Viola Wine Cellars is excited to announce they are relocating their Tasting Room from Portland to Mosier, Oregon in the Columbia Gorge and will share the space currently operated by Rack & Cloth cidery. Owners Darryl & Sarah Joannides are planning a Memorial Day grand opening. You can look forward to sampling a variety of Italian-inspired, Gorge-grown creations on Saturdays and Sundays from 12-6pm throughout the Summer months. The Mosier Tasting Room will primarily operate as a bottle shop so you can stock your pantry with creations from Viola and Rack & Cloth to go. They will have a daily flight offering 3 rotating wines and one cider, plus a few options by-the-glass and the opportunity to enjoy a bottle on premise before heading home with extra bottles in your trunk or bike
bag. While food won’t be a regular offering, Viola plans to take advantage of the existing kitchen at the Mosier Tasting Room to invite friends from the local area and Portland to come host occasional Pop-up dinners. You might even find winemaker/owner Darryl in the kitchen once or twice this Summer recreating some of his famous pasta dishes that drew long lines when the couple operated Assaggio Trattoria in Sellwood years ago. To keep up with pop-up events, be sure to sign up for Viola’s email newsletter or follow them on Instagram @violawines.
About Viola Wine Cellars: Viola Wine Cellars is a small winery crafting naturally made wines from Italian varietals grown primarily in the Columbia Gorge AVA. Striving for unique wines that reflect the varietal as it was intended in its native Italy, using Old World techniques and minimal intervention in the winemaking process, Viola produces as many as 15 different bottlings each vintage. The focus is on fresh and accessible stainless tank reds and structured, dry skin-macerated whites. Experimentation with winemaking techniques leads to exciting new creations each vintage. Winemaker Darryl Joannides draws on his Italian wine and culinary background as inspiration for Viola wines. In 1994, he spent a month hanging with Aldo Vacca at Produttori del Barbaresco in the heart of Piemonte and left with wine imprinted on his soul. He spent a decade as chef/owner of Portland’s Assaggio Restaurant (Willamette Week’s Restaurant of the Year 1997), leading the kitchen’s creation of classic regional Italian pasta dishes while developing an award-winning Italian wine list which he and his wife, Sarah, curated. He followed up with a decade as a wine retailer, operating cork – a bottle shop in Portland through 2013 while balancing a growing interest in wine production. cork was named Portland’s Best Wine Shop multiple times and featured in Food & Wine’s Best New Wine Shops in America. In 2012, Darryl turned his attention full time to wine production and produced 285 cases under the Viola label. In 2013, the couple bonded their garage in NW Portland and began making the wines at Casa Viola.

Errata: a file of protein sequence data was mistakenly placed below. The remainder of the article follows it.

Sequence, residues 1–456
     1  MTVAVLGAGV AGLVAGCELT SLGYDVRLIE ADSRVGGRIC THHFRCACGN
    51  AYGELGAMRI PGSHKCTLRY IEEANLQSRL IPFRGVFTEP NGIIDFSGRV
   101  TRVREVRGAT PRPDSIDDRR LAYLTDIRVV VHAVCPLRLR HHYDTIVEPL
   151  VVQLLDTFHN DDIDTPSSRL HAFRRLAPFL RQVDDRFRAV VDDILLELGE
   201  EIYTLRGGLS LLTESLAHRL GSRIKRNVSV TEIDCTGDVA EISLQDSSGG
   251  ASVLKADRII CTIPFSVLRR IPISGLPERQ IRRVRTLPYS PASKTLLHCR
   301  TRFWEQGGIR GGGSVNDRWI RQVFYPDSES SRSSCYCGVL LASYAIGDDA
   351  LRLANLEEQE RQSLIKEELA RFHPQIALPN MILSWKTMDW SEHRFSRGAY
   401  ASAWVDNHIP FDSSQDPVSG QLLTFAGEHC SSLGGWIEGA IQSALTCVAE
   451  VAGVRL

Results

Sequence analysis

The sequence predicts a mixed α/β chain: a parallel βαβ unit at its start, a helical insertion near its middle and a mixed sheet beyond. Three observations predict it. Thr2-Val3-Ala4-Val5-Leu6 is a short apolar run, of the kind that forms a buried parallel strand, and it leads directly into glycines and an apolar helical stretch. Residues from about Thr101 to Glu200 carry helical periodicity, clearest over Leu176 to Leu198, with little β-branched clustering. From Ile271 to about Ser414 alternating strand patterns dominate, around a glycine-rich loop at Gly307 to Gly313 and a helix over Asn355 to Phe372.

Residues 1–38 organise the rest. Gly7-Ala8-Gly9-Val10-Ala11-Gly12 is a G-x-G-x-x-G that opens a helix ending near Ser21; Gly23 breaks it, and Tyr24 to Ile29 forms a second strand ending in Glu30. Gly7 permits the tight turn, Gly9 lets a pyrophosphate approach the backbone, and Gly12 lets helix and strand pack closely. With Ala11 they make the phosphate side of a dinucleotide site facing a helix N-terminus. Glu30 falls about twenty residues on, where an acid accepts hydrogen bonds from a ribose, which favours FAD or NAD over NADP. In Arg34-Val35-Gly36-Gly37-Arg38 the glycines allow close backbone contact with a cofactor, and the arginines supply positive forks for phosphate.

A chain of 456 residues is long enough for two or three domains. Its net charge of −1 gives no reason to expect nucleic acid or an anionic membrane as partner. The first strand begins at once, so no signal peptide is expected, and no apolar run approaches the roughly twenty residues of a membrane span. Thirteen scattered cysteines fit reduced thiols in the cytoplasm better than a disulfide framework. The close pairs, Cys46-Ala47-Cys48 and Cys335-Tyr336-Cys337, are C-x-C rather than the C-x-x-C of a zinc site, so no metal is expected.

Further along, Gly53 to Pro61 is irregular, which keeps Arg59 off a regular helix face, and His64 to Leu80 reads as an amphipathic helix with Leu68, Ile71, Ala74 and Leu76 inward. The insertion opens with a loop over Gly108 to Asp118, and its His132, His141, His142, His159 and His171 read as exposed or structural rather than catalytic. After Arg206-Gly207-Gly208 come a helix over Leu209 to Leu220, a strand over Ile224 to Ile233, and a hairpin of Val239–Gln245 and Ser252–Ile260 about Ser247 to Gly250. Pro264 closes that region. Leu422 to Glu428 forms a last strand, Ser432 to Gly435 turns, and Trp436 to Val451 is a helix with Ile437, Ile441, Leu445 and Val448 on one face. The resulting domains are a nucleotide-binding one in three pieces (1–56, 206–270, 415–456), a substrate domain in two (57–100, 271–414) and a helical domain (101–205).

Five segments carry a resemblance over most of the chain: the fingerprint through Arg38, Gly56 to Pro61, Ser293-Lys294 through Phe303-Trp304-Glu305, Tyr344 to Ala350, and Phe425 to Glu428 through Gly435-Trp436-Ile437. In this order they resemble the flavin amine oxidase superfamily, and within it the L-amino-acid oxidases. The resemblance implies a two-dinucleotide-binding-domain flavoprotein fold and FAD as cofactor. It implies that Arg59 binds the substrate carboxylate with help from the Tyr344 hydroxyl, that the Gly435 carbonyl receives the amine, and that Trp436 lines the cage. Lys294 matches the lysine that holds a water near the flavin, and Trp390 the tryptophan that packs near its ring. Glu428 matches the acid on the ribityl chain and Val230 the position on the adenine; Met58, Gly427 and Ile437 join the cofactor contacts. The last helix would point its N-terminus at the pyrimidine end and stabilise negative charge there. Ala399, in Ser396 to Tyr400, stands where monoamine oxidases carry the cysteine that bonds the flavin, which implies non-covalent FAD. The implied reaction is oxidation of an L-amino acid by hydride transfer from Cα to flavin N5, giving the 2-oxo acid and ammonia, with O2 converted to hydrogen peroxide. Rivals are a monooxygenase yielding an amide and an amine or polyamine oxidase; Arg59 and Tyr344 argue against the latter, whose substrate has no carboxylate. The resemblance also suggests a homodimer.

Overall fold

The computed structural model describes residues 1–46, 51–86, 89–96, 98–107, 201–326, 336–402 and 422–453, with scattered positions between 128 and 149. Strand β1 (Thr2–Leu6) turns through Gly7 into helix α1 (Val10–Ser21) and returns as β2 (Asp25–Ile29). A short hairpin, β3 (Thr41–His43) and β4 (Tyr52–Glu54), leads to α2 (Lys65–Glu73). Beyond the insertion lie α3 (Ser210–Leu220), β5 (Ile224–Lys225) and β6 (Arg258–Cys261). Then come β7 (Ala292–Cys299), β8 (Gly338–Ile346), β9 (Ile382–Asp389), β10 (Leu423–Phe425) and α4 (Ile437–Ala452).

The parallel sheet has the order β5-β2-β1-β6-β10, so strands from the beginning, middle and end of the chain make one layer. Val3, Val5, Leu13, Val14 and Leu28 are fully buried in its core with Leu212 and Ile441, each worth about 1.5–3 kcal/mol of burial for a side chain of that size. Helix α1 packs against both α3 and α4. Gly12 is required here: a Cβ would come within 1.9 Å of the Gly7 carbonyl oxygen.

Today, the winery makes wine from 10 varietals sourced from the Columbia Gorge, throwing in a little Horse Heaven Hills and Walla Walla Valley for occasional creations. Many trips to Piemonte, Puglia and recently Friuli and Slovenia continue to influence his winemaking decisions. With a move of production to the Gorge planned in the near future, exciting possibilities lie ahead. Follow Viola Wine Cellars @violawines on Instragram and Facebook.
About Rack & Cloth: Rack & Cloth ciders are the creation of Silas Bleakley, a Mosier resident who farms 30 acres of apples, pears and other crops. Named for the style of traditional cider press used to produce its juice, the Rack & Cloth cidery was founded in 2012. The use of a small press allows for the attention to detail, including hand-sorting of fruit, that is essential to create a high-quality artisanal beverage. The cidery operates as a component of a larger vision: a small but diverse farming operation. Creating a system wherein agricultural products are showcased while increasing tilth and feeding of the farm is their guiding principle. All the apple pomace from pressing is used as feed for livestock which, in turn, fertilize the orchard. Happy animals make for happy trees, happy trees make good fruit, and good fruit makes good cider! A winemaking background brought Silas to the cider world and his different offerings reflect a precise and skilled hand in the cellar. Rack & Cloth is sold in keg at restaurants and growler fill stations around the Northwest with bottles planned for the near future. To learn more, visit
For additional information, please contact [email protected] or 503.318.5053.